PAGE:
The Levenmouth Demonstration Turbine provides open access to data from over 120 installed sensors and ongoing operational data.
ORE Catapult acquired the towering machine in 2015 from Samsung to provide real-world demonstration opportunities for new offshore wind and marine energy products and services. This transformed the Turbine into the world’s most advanced, open-access offshore wind turbine dedicated to research and development.
Since 2016, the LDT, has attracted over a hundred SMEs for technology development, testing or demonstration. It is also a key asset in ORE Catapult’s core research and development programme, leveraging over £16m in additional funding.
For example, Limpet Technology approached the Catapult in 2016 to seek help in developing their ‘Get Up Safe’ (GUS) system, a hoist that would provide maintenance teams with ladder-free access to offshore wind farms safely. A successful demonstration for with global offshore wind leaders Ørsted led to them acquiring a 22.5% stake in Limpet spin-off company, Pict Offshore, who has subsequently set up nearby manufacturing facilities.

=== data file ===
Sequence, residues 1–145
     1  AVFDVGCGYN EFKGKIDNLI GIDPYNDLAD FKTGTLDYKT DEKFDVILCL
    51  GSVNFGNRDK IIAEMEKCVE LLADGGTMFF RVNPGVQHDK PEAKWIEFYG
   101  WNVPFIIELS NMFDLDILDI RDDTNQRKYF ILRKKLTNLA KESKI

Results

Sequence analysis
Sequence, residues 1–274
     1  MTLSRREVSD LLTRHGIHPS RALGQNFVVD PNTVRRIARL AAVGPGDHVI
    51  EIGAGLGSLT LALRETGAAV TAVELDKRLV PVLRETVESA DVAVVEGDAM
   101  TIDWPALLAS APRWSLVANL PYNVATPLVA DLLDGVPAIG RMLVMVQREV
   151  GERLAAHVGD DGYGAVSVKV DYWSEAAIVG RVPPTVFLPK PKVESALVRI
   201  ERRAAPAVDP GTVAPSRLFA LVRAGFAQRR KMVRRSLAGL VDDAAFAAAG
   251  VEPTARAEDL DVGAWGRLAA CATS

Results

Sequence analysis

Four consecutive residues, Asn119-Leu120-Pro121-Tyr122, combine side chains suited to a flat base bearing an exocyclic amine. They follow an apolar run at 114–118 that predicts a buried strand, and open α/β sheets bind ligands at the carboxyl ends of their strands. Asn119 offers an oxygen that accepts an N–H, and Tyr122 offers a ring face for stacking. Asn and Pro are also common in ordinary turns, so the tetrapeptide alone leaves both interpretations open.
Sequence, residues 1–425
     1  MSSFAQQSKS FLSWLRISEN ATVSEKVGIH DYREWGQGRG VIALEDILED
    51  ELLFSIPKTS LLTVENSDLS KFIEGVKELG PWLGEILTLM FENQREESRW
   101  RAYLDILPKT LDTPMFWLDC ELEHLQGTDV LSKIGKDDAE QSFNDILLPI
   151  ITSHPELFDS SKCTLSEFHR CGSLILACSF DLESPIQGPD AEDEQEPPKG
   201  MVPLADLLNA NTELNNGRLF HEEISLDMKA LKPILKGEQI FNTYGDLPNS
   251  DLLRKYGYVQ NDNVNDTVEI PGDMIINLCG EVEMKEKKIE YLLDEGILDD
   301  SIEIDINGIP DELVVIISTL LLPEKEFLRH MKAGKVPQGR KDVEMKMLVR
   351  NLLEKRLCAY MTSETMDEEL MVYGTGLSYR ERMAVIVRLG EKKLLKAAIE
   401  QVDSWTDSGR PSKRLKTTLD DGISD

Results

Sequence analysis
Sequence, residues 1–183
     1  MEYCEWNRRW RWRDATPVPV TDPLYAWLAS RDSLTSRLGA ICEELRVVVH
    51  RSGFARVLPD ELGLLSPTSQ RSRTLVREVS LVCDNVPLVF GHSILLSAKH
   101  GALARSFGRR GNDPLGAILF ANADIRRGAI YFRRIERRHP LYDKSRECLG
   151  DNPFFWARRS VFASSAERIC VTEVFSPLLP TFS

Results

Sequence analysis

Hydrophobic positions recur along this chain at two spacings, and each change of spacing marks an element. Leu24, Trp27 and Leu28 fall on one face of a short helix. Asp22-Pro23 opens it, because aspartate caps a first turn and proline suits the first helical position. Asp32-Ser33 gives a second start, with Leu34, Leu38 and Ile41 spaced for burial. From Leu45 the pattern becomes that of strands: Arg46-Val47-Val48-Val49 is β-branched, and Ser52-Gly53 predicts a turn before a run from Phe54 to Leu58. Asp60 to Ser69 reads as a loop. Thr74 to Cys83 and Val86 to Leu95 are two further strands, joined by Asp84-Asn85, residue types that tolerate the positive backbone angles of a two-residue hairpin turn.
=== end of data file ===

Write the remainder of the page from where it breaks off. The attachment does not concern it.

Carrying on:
In 2018, Livingston-based Cyberhawk was one of a group of autonomous inspection providers that were invited to perform representative commercial tests on the turbine so that an industry baseline for quality inspection could be identified. Later in the year, Edinburgh’s MarynSol tested its SeaSmart automated marine survey using autonomous vehicles at the LDT.
The Turbine attracts world-leading collaborative research projects, such as the £4.3m Horizon 2020 Total Control project and the €4m Demowind-funded Offshore Demonstration Blade project, both developing cutting-edge innovative offshore wind technologies with international industrial and academic partners.
The Catapult has also funded a STEM ambassador at Levenmouth Academy, delivering extensive programmes throughout the school in areas such as robotics, drones and programming to spark local children’s interest in offshore renewable energy as a future career.